We’re pleased to bring you “While You Were Out”—the Verily editors’ quick takes on the happenings of this week.
USA Gymnastics Doctor Sentenced to Up to 175 Years in Prison for Sexual Crimes
This Wednesday Larry Nassar, USA Gymnastics and Michigan State University doctor, was sentenced to forty to 175 years in prison after pleading guilty to ten counts of first-degree criminal sexual assault in two Michigan courts. Leading up to Nassar’s sentencing, the world listened to the heartbreaking testimonies of more than 150 women and girls who were subjected to Nassar’s abuse. “I just signed your death warrant,” Judge Rosemarie Aquilina said during Nassar’s sentencing. But Nassar’s life sentence is not justice enough for the victims. MSU also announced Wednesday that, after receiving criticism from victims for the university’s failure to respond to reports of abuse, President Lou Anna Simon has offered her resignation.
“To the survivors, I can never say enough that I am so sorry that a trusted, renowned physician was really such an evil, evil person who inflicted such harm under the guise of medical treatment . . .” Simon said in her statement. “. . . As tragedies are politicized, blame is inevitable. As president, it is only natural that I am the focus of this anger.”
Amidst the chorus of voices being heard in Hollywood, it’s gratifying to know that many of the young gymnasts who have been silent for so long are finally being heard and that their tormentor has received just retribution. —Monica Gabriel Marshall
Oscar Nominations Are In—and James Franco Is Out
On Tuesday, Hollywood’s nominees for 2018 top honors were announced. After a feisty Golden Globes and a few weeks in the interim where the likes of James Franco and Aziz Ansari (both Globe winners) were accused of sexual assault, the Oscars pleasantly surprised us. Franco (The Disaster Artist) was excluded from the best actor category—a move thought to be the direct result of the allegations against him, which made a lot of people happy.
Meanwhile, women, having always had a place at the table in women-only categories, were better represented in the traditionally male-dominated ones. Greta Gerwig was nominated for best original screenplay and director for her standout coming-of-age film, Lady Bird. The impactful mother-daughter drama was also nominated for best picture. Rachel Morrison became the first woman ever nominated for cinematography (Mudbound). The best picture nominees are Call Me by Your Name, Darkest Hour, Dunkirk, Get Out, Lady Bird, Phantom Thread, The Post, The Shape of Water, and Three Billboards Outside Ebbing, Missouri. —Megan Madden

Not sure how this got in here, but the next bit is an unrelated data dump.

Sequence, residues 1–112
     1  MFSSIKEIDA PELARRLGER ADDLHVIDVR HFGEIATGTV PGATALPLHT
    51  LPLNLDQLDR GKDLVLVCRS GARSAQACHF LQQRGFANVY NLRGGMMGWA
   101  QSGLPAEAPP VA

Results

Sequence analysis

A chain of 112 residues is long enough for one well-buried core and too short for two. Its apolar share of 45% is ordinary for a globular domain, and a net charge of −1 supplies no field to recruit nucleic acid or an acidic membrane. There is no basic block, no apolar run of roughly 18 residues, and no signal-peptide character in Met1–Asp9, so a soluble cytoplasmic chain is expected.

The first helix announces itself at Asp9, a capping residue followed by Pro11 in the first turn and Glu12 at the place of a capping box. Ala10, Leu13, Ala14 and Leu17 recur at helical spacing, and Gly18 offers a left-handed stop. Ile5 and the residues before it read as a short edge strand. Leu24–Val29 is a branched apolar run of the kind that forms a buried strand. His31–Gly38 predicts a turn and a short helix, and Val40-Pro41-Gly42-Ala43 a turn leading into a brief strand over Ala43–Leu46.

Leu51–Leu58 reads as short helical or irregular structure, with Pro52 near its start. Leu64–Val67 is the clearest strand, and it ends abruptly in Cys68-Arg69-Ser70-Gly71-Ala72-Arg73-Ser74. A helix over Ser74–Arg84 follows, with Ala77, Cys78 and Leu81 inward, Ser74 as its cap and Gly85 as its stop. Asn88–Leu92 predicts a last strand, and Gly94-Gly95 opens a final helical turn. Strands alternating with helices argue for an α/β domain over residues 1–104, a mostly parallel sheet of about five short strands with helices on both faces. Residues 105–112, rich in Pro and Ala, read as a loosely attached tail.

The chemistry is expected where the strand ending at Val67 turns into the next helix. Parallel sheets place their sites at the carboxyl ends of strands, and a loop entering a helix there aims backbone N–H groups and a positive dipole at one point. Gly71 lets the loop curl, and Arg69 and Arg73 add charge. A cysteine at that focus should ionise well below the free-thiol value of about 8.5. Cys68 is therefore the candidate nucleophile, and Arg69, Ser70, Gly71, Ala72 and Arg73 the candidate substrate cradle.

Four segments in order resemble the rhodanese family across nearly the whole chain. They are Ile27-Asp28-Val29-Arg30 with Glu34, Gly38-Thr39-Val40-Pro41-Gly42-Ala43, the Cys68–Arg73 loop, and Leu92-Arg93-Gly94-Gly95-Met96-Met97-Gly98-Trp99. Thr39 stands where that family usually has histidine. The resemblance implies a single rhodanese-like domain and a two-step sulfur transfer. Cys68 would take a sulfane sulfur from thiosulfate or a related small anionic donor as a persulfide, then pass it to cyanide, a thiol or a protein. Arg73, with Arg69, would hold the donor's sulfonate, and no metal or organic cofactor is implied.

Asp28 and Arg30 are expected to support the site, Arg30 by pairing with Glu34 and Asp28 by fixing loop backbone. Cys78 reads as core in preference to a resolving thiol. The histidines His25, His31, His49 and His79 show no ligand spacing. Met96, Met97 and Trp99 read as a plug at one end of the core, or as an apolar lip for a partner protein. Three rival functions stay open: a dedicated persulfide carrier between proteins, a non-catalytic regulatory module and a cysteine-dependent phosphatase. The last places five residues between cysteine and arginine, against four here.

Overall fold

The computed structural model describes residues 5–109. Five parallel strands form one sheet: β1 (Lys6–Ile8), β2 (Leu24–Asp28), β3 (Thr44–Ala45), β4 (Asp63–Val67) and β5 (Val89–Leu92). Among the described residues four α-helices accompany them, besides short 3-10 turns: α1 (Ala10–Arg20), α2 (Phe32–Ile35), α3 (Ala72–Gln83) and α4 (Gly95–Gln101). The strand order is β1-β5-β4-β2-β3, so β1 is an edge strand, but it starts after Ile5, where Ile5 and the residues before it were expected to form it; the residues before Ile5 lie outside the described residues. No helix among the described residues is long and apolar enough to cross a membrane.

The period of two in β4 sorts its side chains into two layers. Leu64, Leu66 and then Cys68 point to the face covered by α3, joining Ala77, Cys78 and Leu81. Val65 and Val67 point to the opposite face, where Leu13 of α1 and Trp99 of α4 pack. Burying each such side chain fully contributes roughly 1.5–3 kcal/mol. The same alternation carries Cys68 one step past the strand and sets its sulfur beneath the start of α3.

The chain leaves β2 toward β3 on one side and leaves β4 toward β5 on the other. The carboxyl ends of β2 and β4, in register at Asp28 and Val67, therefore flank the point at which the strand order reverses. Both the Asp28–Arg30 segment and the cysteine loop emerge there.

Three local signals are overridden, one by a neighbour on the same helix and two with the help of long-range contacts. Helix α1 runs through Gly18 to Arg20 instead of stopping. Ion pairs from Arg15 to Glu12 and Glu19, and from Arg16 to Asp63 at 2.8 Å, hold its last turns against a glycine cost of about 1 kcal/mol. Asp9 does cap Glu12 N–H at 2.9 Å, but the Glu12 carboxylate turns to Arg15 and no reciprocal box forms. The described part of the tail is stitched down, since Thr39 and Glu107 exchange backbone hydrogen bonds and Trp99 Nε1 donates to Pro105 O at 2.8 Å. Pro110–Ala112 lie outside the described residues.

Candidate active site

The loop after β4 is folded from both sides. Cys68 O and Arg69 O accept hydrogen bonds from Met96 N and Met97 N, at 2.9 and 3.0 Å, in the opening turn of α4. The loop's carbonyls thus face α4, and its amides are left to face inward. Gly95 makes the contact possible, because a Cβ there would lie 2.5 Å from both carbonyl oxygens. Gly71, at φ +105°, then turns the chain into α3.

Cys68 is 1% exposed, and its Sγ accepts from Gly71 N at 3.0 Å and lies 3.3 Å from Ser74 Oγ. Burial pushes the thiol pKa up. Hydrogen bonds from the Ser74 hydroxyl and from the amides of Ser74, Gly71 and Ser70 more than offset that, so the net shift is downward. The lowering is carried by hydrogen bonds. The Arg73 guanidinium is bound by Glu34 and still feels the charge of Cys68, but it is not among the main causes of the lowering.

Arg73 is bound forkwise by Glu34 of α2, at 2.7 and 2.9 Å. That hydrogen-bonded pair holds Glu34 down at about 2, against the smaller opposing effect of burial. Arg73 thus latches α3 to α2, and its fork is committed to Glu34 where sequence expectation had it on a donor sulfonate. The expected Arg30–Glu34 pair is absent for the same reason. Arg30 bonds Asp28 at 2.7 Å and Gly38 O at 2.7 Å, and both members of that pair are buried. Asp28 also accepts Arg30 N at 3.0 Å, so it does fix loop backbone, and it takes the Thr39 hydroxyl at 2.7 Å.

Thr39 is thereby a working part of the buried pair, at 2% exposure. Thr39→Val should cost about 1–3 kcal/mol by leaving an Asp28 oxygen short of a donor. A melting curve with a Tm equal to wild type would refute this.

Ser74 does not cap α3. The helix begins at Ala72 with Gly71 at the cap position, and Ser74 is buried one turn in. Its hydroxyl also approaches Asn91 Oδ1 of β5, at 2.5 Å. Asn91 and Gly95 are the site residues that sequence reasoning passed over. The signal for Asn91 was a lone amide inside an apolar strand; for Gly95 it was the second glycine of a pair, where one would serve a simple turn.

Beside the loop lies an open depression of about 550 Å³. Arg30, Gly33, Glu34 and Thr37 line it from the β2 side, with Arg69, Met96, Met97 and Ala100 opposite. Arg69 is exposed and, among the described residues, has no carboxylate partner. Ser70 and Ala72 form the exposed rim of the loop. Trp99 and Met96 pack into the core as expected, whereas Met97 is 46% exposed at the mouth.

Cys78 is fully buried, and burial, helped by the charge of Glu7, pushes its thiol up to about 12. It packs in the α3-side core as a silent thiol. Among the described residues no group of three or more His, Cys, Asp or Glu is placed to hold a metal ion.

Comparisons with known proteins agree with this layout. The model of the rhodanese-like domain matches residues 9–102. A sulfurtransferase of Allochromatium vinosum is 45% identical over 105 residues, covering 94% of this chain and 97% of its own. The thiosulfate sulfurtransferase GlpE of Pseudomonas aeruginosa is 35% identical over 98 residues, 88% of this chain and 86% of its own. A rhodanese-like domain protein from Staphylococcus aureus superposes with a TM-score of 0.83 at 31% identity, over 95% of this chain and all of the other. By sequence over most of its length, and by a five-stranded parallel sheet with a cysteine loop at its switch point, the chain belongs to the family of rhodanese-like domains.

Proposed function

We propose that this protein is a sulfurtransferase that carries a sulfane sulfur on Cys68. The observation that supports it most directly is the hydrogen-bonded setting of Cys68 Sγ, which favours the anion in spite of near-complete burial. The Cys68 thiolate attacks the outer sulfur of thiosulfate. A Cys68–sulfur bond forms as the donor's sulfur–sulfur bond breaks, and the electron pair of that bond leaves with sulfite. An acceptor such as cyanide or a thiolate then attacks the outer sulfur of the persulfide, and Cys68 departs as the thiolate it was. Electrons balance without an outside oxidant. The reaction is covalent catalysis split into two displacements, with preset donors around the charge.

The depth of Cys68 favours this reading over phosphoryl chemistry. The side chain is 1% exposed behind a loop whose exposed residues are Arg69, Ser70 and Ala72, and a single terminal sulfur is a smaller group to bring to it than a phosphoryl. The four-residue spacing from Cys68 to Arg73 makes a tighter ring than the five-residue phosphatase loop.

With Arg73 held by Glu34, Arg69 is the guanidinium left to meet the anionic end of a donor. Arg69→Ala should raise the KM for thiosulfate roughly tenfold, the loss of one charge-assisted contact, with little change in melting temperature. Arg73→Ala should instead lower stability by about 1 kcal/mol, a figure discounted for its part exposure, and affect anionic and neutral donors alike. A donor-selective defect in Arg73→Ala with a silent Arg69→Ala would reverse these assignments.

Everyone Is Freaking Out Over IKEA’s New ‘Relationship Hack’
Sleeping in the same bed until death do you part may seem like a romantic bonus of marital bliss, but talk to any long-term married couple: sometimes it ain’t easy. From snoring to differing bedtime rituals to an ongoing tug-of-war with the bedsheets, it can be really tempting to escape to the couch in an exhausted surrender. IKEA is trying to remedy at least one of these major co-sleeping issues with its new blanket: the “TOG-ether bundle.” This cuddly-sounding product is essentially a pack of matching smaller duvets that allows couples to choose their own level of insulation, so they can sleep together but in the comfort of their own temperature.
Right now this is only being sold in the U.K., but if you want to get ahead of this IKEA hack, you could always buy matching duvets from any brand. (Let us know how it works!) —Maria Walley
Meryl Streep Joins ‘BLL’ Cast for Season 2
Nicole, Reese, Laura, Shailene, Zoë, and . . . Meryl! As if the cast of Big Little Lies couldn’t get any more star-studded, well, it just did. The queen of Hollywood, Meryl Streep, is on board to play Celeste’s (Kidman) mother-in-law who will come to the scandalous yet sleepy town of Monterrey searching for answers as to her son’s death. After a prosperous awards season, the show will no doubt deliver some major drama with its second season. Of season two, HBO has said the show will “explore the malignancy of lies, the durability of friendships, the fragility of marriage, and, of course, the vicious ferocity of sound parenting. Relationships will fray, loyalties will erode . . . the potential for emotional and bodily injury shall loom.” Unfortunately, we won’t get to view it until 2019. —Megan Madden
Hold Your Loved Ones: Another Violent High School Shooting
Wrapped up in crime scene tape, cameras, tears, and prayers, a distraught community of Marshall County, Kentucky, is asking what we all are: “Why?”
The 15-year-old male suspect, armed with a handgun, walked into his high school at 8:57 a.m. and began his rampage. 911 was called two minutes later. The victims were all young: ages ranging from 14 to 18. “No one screamed,” said Alexandria Caporali, a 16-year-old witness. “It was almost completely silent as people just ran. . . . It was one right after another—bang, bang, bang, bang, bang.”
Eighteen teens were reportedly injured in chaos, fourteen of them from gunshot wounds. Two have since died: Bailey Holt and Preston Cope, both only 15 years old themselves.
Caporali says she believed the shooter to be “a happy, quiet boy who played music.” Not the kind of description one would suspect of a murderer, making us all question the state of his mental health and the mental health of teenagers at large today.
This month alone, eleven other shootings have taken place either at schools or right by them. While it was heartening to see a community coming together under the hashtag #MarshallStrong, I can’t help but tear up and wish that this were the last time I would hear a story like this. —Maria Walley